Not long thereafter, my son tried on these very ugly, although reportedly very comfortable shoes.
I am not entirely sure why we, this fluffy, fleecy family, cross so many roads, protecting one another, looking out for one another, watching each other grow and expand in all the myriad ways and directions that we are growing. I have watched over my younglings closely (some have argued a little too closely!), keeping an eye out for real and perceived enemies on all sides, and done a lot within my power and a whole lot outside of my power - emboldened by faith and prayer - to protect my precious and wild-hearted offspring. I confess that I haven't always been successful at that. There have been accidents, sprains and pulls. There have been visits to the emergency room, hospital stays, and medication regimens. There have been crying jags and silent rages.
What a wild ride it has been. What a fast ride it has been. But thus far, we have made it. Intact. And more than that, we have thrived. We have accomplished much. Borrowing the words of one of my favorite empowerment songs in history: We have overcome.
My daughter will finish high school this week. She has spent her entire educational career here at home. When we started out umpteen years ago, my goal was to teach her to read and write and then send her off to school. But as the months and years rolled past, I felt less and less confident that anyone else could teach her, guide her, love her, and train her up in the way she needed to go. As I watched her develop physically, emotionally, and spiritually, I realized that I didn't want anyone else to be there for her first step, her first full sentence, her first failed test, her first period, her first triumph as a basketball player or softball player - or her first heartbreak. I didn't want to miss one minute of it.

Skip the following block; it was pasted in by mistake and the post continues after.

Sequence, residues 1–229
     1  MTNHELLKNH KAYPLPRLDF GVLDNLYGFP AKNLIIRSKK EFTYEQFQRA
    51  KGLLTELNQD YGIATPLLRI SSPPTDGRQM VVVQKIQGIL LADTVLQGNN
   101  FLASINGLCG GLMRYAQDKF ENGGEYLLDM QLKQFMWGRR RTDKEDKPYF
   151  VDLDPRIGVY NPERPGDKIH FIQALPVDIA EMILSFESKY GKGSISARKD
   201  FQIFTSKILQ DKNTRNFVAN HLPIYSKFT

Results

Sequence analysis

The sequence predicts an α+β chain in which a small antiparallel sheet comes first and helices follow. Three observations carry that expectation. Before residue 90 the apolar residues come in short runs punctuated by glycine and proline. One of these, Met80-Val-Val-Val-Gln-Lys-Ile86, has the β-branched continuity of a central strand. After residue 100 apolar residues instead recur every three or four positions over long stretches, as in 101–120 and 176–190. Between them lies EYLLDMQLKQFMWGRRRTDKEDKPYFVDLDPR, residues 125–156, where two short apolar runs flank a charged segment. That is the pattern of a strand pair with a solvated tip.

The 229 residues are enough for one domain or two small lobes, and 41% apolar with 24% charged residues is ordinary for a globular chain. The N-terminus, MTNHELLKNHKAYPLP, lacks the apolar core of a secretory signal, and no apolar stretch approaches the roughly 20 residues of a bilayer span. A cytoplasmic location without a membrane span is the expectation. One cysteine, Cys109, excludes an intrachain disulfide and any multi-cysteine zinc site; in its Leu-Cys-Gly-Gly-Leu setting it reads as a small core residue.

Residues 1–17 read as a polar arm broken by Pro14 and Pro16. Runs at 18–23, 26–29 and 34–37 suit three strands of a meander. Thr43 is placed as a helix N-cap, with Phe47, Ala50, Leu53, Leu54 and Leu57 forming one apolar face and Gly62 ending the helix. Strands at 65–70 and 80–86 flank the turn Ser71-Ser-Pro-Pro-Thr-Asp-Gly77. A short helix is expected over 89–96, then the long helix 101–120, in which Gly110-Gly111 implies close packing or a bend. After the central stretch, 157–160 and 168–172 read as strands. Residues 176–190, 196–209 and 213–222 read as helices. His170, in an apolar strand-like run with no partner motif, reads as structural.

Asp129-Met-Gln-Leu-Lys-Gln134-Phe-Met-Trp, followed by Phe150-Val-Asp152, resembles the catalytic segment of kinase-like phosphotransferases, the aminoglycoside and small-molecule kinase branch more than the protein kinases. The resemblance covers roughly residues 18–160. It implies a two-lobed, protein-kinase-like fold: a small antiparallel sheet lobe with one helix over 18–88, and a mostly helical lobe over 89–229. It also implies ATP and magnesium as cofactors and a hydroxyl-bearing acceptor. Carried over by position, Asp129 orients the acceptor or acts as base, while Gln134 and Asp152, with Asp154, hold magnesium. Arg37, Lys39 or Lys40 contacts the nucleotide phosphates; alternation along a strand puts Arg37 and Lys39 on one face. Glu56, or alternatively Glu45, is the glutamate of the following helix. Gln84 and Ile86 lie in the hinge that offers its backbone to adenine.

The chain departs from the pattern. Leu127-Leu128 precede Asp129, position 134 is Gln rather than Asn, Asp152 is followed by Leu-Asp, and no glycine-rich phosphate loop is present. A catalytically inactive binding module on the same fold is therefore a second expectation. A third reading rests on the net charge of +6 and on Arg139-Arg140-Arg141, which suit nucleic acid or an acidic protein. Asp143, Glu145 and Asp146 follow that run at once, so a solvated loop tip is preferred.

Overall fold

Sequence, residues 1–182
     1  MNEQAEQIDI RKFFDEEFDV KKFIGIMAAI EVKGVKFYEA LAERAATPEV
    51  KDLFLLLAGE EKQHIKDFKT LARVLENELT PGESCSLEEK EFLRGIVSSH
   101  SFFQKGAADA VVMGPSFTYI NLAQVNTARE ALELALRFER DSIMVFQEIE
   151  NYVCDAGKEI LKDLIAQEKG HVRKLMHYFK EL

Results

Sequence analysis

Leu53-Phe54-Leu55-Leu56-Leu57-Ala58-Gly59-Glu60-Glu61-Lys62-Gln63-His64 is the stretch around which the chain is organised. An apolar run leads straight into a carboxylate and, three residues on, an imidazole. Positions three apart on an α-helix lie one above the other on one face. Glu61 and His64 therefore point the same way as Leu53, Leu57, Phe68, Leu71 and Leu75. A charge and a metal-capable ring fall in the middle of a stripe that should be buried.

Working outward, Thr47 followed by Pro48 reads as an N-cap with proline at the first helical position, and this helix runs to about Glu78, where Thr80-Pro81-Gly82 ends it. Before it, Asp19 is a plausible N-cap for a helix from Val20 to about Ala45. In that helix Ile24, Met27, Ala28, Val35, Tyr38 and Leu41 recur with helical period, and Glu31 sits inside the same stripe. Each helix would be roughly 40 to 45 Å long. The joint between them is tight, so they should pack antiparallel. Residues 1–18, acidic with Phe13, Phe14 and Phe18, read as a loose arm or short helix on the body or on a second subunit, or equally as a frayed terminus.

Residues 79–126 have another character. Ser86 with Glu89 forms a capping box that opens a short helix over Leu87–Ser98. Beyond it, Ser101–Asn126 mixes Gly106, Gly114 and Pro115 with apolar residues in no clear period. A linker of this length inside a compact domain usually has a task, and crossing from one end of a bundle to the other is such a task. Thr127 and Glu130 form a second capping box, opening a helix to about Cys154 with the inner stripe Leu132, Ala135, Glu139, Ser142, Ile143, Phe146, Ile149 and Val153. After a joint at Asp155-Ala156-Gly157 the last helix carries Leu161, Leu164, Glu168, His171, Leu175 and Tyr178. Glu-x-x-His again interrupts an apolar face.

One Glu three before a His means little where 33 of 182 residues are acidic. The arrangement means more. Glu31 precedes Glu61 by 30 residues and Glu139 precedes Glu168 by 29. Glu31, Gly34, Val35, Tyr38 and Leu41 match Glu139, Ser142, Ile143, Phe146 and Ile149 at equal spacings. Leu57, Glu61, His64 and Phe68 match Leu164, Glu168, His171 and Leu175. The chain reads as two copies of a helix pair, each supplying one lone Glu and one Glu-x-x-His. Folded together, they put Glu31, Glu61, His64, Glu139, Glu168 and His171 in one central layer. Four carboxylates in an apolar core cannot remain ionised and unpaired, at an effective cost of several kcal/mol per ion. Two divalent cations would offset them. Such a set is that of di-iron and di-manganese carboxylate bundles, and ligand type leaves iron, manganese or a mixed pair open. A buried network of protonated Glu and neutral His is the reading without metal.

I wanted to be with her, by her side, holding her hand, and wiping her forehead when she was sick. I wanted to cry with her and laugh with her. I wanted her to be able to sleep late if she needed to. I wanted her to be able to learn to be stronger and more confident, recover from illness, rejoice in her successes, and belabor her defeats right here at home. So we did exactly that. We pressed on. We pushed ahead. We lagged behind. We let things slide. We watched her blossom. We held our breath. We cried out for mercy. We begged for healing. We gave thanks for each hour, each day, each week, each month of progress.
And all along the way, every day, I kept going back to the same statement,
the same plea, the same prayer:
All shall be well. All shall be well. All manner of thing shall be well.
This journey of motherhood has been and continues to be one long wild goose chase. And this Mother Goose is sitting pretty at the moment, plumping my feathers, and looking forward to the next time we need to cross the road to the other side. Together. Looking out for one another. Hoping against hope, praying, pleading for mercy and safety until we reach other other side. Wherever or whenever that is.